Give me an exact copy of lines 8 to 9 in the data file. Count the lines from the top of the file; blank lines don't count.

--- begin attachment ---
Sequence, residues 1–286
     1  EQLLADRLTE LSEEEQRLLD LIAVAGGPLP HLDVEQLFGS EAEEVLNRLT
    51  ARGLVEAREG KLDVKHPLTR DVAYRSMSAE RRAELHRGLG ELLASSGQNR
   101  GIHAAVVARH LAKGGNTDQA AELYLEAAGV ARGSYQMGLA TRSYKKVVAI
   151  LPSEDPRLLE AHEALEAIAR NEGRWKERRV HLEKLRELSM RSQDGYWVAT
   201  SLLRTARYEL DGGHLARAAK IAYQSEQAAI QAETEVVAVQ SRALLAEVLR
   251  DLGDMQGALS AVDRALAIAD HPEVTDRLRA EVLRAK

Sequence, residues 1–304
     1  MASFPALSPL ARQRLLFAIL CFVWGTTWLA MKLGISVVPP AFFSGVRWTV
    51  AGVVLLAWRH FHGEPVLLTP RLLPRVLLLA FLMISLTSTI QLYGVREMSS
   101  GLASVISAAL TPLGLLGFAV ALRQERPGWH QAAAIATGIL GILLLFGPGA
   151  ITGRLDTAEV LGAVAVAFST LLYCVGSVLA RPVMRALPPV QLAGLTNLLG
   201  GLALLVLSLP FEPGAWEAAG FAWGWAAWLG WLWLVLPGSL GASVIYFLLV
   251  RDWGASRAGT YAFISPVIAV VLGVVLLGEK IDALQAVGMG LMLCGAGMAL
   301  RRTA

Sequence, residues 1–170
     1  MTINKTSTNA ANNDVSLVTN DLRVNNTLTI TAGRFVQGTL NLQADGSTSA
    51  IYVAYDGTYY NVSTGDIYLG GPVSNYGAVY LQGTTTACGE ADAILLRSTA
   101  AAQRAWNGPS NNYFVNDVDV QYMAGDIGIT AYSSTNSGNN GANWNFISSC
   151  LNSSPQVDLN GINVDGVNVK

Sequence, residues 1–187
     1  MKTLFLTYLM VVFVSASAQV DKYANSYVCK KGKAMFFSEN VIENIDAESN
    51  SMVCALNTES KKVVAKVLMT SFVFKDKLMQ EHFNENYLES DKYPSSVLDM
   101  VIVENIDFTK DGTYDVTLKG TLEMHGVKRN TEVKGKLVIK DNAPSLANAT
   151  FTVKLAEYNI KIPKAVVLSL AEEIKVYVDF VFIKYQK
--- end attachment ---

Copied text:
Sequence, residues 1–304
     1  MASFPALSPL ARQRLLFAIL CFVWGTTWLA MKLGISVVPP AFFSGVRWTV